One could argue that the quality of their work has slipped a bit over the years. Their recent comeback effort Atta was well-received by fans, but the slow, atmospheric record lacks the energy and vibrancy of their earlier music.

Though they’ve been mainstays on the indie rock scene and concert festivals, Sigur Ros have never been household names in the U.S. They earned a single Grammy nomination, for Best Alternative Music Album in 2004.

There’s a huge number of people – probably even some Rock Hall voters – who have never heard of the band, or couldn’t name one of their songs. But chances are they’d recognize “Hoppipolla” or a few of the other tracks that have been featured in movies.

Sigur Ros have never appeared on a televised American award show, and made only sporadic appearances on late-night talk shows. While rock critics, hipsters, and indie rock fans have gushed about the band for years, their name recognition among the general public is quite low.

The lack of name recognition also applies to the members of the group. Only diehard Sigur Ros fans can name the band members beyond singer Jonsi Birgisson. Those would be bassist Georg Hólm and keyboardist Kjartan Sveinsson, both of whom remain with the group, and drummer Orri Páll Dýrason, who left the group in 2018 after a sexual assault allegation.

Another factor working against them: Their complete lack of songs in English. They have just one (“All Alright”) in the entire Sigur Ros catalogue, though Jonsi released a couple of compelling English-language solo albums.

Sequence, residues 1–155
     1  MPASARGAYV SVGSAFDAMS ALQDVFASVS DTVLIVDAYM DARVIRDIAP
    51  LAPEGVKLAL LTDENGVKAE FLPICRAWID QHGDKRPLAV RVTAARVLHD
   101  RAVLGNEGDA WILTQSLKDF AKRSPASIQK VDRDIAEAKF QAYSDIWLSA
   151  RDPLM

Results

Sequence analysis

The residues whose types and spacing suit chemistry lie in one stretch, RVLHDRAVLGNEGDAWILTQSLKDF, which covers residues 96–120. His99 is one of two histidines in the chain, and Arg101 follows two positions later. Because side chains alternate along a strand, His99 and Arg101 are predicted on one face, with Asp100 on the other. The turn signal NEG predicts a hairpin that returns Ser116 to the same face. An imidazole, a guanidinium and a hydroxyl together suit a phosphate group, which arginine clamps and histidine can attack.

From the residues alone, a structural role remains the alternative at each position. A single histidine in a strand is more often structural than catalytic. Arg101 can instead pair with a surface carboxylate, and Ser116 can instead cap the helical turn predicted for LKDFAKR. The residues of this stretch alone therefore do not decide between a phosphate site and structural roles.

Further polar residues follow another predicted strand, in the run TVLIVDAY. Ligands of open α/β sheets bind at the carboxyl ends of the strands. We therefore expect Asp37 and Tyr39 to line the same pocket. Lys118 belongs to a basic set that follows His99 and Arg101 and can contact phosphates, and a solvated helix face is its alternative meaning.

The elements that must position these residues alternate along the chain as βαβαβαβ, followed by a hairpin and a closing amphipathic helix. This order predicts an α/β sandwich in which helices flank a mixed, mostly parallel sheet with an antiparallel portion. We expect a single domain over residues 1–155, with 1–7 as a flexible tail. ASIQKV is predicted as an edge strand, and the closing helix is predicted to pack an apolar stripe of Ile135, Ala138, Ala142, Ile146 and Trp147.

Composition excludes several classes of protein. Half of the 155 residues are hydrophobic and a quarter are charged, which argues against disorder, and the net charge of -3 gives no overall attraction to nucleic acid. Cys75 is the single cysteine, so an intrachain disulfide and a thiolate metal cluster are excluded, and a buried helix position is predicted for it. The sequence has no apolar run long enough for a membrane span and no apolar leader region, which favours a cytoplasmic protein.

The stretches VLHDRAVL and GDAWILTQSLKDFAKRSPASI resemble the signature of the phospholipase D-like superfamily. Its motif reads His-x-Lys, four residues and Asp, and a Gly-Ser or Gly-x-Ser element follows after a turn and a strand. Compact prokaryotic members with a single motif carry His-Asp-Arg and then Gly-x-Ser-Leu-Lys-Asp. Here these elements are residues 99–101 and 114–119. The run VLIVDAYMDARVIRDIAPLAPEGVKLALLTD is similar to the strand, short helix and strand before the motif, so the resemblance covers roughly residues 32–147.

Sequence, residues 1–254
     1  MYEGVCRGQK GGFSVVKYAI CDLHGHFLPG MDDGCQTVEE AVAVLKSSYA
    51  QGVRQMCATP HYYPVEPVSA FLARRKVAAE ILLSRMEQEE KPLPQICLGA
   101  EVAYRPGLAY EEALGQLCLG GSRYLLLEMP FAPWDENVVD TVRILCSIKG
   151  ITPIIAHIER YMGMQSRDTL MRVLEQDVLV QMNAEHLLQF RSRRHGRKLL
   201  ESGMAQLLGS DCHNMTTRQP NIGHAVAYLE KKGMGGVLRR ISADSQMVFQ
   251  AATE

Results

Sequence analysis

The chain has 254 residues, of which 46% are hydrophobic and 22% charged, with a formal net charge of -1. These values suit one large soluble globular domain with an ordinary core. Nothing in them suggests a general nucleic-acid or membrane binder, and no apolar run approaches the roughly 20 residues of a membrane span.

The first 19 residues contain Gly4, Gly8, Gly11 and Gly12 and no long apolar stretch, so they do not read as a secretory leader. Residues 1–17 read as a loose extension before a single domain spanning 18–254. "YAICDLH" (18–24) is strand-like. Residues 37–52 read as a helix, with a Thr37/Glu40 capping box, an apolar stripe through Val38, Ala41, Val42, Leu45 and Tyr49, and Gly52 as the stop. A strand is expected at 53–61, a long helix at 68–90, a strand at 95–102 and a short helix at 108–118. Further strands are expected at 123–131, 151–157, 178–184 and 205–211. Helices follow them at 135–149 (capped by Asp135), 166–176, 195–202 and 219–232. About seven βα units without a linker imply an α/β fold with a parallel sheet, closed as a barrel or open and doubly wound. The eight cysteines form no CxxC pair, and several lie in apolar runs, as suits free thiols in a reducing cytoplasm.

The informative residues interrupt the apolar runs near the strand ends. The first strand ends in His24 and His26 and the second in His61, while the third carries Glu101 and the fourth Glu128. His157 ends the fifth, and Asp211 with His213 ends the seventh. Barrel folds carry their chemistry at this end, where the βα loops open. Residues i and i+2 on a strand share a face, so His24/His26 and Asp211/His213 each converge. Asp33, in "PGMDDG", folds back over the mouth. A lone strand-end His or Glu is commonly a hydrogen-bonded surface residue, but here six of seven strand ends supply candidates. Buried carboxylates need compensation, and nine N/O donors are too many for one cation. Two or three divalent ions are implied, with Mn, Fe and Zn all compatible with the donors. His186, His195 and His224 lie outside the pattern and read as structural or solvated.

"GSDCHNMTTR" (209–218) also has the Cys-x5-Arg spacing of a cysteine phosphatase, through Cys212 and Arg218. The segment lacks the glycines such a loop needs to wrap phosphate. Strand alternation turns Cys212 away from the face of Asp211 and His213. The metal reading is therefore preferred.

The Verdict: Will Sigur Ros Ever Get Inducted Into the Rock and Roll Hall of Fame?

At this point, no. Rock Hall voters will not consider honoring Sigur Ros. As much as I’d personally like to see the Hall recognize Sigur Ros, don’t expect it to happen.

But there’s still time for the band to continue performing, building its fan base and its legacy. So let’s check in ten years from now, and maybe the band will have a stronger case then.

Rock and Roll Hall of Fame: Sigur Ros
Odds of Getting Inducted Next Year: 0%
Odds of Getting Inducted in the Next Five Years: 1%
Odds of Getting Inducted Eventually: 7%

Do you think Sigur Ros will be inducted into the Rock and Roll Hall of Fame someday? Leave a comment and let us know!

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Last Updated on March 19, 2024